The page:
The Italian Connection

IMG_20171024_091959645_HDR.jpgThanks to my terrible procrastination from lesson planning, I’ve recently come across a few other (much more professional) fellow English speaking expats blogging about Italy. Continue reading

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Polenta: the Brescian Staple

I recently made un’altro passo (another step) into the vita italiana…or perhaps more specifically, in this case, la vita bresciana (from Brescia, my region of Italy). At my first full family meal here in Italy I was presented with horse and donkey meat, as well as an unknown, slightly stodgy yellowish substance – sound appetising yet? Continue reading

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Things your expat friend wants you to know

In the modern age of travel, with the huge trend in gap years and discovering one’s self abroad, most groups of friends will have at least one expat friend. Perhaps they spend just a few months away and return even more hipster than before, or perhaps they consistently jet off, reappearing with new tales, particular tastes in food, and an increasingly odd fashion sense. Continue reading

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Read-in-Tranquillity: Parco Castello Bonoris, Montichiari.

with Desperate Characters by Paula Fox

It might not be the tourist-centre of Italy, but Montichiari – only a twenty minute drive from the south-east side of Lake Garda, and forty minutes from Verona – does hold a few unique delights. One of these is Castello Bonoris, one of the most confusing, un-historic yet historical castles I have yet to visit.

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A Taste of Home

Everyone knows that Italian food is the best in the world; at least, that’s what any Italian will tell you. It’s true that my taste-buds have never been left unsatisfied here, and that nearly everyone Italian household has a passion for cooking that unfortunately you don’t find so much in the pre-prepared, pre-cooked culture of Britain. However, there are some British foods that just aren’t available here, an atrocity considering they should be high up on the compulsory food list. Continue reading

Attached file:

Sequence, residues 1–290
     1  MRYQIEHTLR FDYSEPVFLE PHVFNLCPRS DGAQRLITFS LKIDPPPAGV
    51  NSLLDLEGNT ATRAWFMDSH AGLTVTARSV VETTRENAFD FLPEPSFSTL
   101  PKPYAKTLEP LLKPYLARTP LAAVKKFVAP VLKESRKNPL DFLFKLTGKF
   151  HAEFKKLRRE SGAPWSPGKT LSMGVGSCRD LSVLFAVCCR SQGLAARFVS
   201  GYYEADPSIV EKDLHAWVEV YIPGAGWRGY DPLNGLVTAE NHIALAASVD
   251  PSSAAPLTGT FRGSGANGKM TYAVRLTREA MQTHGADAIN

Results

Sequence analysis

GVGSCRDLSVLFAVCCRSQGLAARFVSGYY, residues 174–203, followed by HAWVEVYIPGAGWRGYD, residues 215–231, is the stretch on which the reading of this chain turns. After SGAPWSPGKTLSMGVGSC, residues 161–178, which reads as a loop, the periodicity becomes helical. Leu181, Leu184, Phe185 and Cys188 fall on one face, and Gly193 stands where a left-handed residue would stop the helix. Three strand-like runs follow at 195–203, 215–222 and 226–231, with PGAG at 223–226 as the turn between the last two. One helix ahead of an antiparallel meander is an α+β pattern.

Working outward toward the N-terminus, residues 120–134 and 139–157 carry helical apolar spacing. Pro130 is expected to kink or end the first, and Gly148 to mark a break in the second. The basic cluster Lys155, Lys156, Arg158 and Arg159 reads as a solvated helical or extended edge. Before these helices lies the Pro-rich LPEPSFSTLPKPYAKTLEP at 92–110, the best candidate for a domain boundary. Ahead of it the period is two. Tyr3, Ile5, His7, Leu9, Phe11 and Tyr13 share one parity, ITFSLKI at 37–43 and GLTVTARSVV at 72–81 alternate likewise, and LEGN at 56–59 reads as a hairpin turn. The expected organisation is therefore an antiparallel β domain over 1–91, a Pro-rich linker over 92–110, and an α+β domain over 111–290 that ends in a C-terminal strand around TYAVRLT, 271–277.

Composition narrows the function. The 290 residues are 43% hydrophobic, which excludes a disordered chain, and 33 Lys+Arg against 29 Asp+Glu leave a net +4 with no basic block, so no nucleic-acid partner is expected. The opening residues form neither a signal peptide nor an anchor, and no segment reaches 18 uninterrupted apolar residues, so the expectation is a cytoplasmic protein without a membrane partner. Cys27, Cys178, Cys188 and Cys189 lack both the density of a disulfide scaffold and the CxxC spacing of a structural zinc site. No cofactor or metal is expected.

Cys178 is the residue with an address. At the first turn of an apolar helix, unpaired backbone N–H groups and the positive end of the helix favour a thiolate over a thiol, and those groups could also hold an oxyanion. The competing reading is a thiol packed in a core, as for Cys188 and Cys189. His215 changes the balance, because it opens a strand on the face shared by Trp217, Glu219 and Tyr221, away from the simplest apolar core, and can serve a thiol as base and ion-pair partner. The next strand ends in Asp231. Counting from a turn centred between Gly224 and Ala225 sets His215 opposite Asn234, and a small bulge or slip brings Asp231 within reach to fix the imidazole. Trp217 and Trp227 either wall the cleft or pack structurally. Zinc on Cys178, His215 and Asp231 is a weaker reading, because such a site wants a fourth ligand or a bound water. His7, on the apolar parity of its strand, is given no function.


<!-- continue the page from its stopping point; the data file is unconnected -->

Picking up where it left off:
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My Issues with Italy: 5 Whys

After three years here, I’ve got fairly used to Italian life, “la vita Italiana”, even picking up several habits and norms which don’t fit in so well in England (see Signs I’ve Been in Italy too Long). Things which tourists always point out as strange (paying for coffee after drinking it, having shutters but no curtains, rarely having a kettle) now seem completely normal to me. That said, there are still the odd nuances that continue to strike me as so foreign, no matter how many times I confront them – mainly because of their illogicality.

I love you Italy, but there’s a few issues I’d like to bring forward. For instance, why…

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On international dating…

As you may have noticed from brief mentions in previous posts, I’ve finally succumb to the charm and got an Italian boyfriend. I won’t lie that I was a bit uneasy about the idea. There are certain stereotypes about Italian guys that I’m sure we’ve all heard: sleazy mothers’ boys who are very romantic, yes, but are so with several women at the same time.

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